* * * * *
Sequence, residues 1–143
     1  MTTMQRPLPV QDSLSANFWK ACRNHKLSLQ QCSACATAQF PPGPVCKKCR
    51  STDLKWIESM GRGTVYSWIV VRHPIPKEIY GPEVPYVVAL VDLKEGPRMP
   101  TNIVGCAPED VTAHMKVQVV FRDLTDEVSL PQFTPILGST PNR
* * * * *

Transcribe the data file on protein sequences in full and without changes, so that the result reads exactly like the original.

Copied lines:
Sequence, residues 1–143
     1  MTTMQRPLPV QDSLSANFWK ACRNHKLSLQ QCSACATAQF PPGPVCKKCR
    51  STDLKWIESM GRGTVYSWIV VRHPIPKEIY GPEVPYVVAL VDLKEGPRMP
   101  TNIVGCAPED VTAHMKVQVV FRDLTDEVSL PQFTPILGST PNR